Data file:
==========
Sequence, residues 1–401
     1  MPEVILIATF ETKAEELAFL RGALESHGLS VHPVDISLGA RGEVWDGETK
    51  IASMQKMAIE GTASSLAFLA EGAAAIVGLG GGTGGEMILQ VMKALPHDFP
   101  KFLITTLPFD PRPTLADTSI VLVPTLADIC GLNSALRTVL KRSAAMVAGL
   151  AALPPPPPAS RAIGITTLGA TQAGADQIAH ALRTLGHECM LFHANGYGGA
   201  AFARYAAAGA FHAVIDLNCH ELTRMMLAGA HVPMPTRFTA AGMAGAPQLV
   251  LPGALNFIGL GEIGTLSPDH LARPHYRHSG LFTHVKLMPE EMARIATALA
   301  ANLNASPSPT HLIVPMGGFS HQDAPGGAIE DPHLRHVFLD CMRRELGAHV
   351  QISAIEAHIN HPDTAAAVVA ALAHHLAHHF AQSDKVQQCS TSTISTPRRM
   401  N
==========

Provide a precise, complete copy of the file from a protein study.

Sequence, residues 1–401
     1  MPEVILIATF ETKAEELAFL RGALESHGLS VHPVDISLGA RGEVWDGETK
    51  IASMQKMAIE GTASSLAFLA EGAAAIVGLG GGTGGEMILQ VMKALPHDFP
   101  KFLITTLPFD PRPTLADTSI VLVPTLADIC GLNSALRTVL KRSAAMVAGL
   151  AALPPPPPAS RAIGITTLGA TQAGADQIAH ALRTLGHECM LFHANGYGGA
   201  AFARYAAAGA FHAVIDLNCH ELTRMMLAGA HVPMPTRFTA AGMAGAPQLV
   251  LPGALNFIGL GEIGTLSPDH LARPHYRHSG LFTHVKLMPE EMARIATALA
   301  ANLNASPSPT HLIVPMGGFS HQDAPGGAIE DPHLRHVFLD CMRRELGAHV
   351  QISAIEAHIN HPDTAAAVVA ALAHHLAHHF AQSDKVQQCS TSTISTPRRM
   401  N